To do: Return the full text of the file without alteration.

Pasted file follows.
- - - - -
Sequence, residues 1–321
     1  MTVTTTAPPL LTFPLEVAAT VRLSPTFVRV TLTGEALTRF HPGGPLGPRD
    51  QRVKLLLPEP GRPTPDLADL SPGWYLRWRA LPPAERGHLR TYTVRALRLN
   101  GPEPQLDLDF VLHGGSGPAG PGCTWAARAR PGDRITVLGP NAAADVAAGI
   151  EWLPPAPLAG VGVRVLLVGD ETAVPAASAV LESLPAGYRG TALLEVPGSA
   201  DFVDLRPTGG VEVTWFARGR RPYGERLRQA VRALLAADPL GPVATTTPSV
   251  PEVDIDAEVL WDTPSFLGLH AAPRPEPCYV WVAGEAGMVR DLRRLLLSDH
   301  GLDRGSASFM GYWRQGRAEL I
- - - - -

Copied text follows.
Sequence, residues 1–321
     1  MTVTTTAPPL LTFPLEVAAT VRLSPTFVRV TLTGEALTRF HPGGPLGPRD
    51  QRVKLLLPEP GRPTPDLADL SPGWYLRWRA LPPAERGHLR TYTVRALRLN
   101  GPEPQLDLDF VLHGGSGPAG PGCTWAARAR PGDRITVLGP NAAADVAAGI
   151  EWLPPAPLAG VGVRVLLVGD ETAVPAASAV LESLPAGYRG TALLEVPGSA
   201  DFVDLRPTGG VEVTWFARGR RPYGERLRQA VRALLAADPL GPVATTTPSV
   251  PEVDIDAEVL WDTPSFLGLH AAPRPEPCYV WVAGEAGMVR DLRRLLLSDH
   301  GLDRGSASFM GYWRQGRAEL I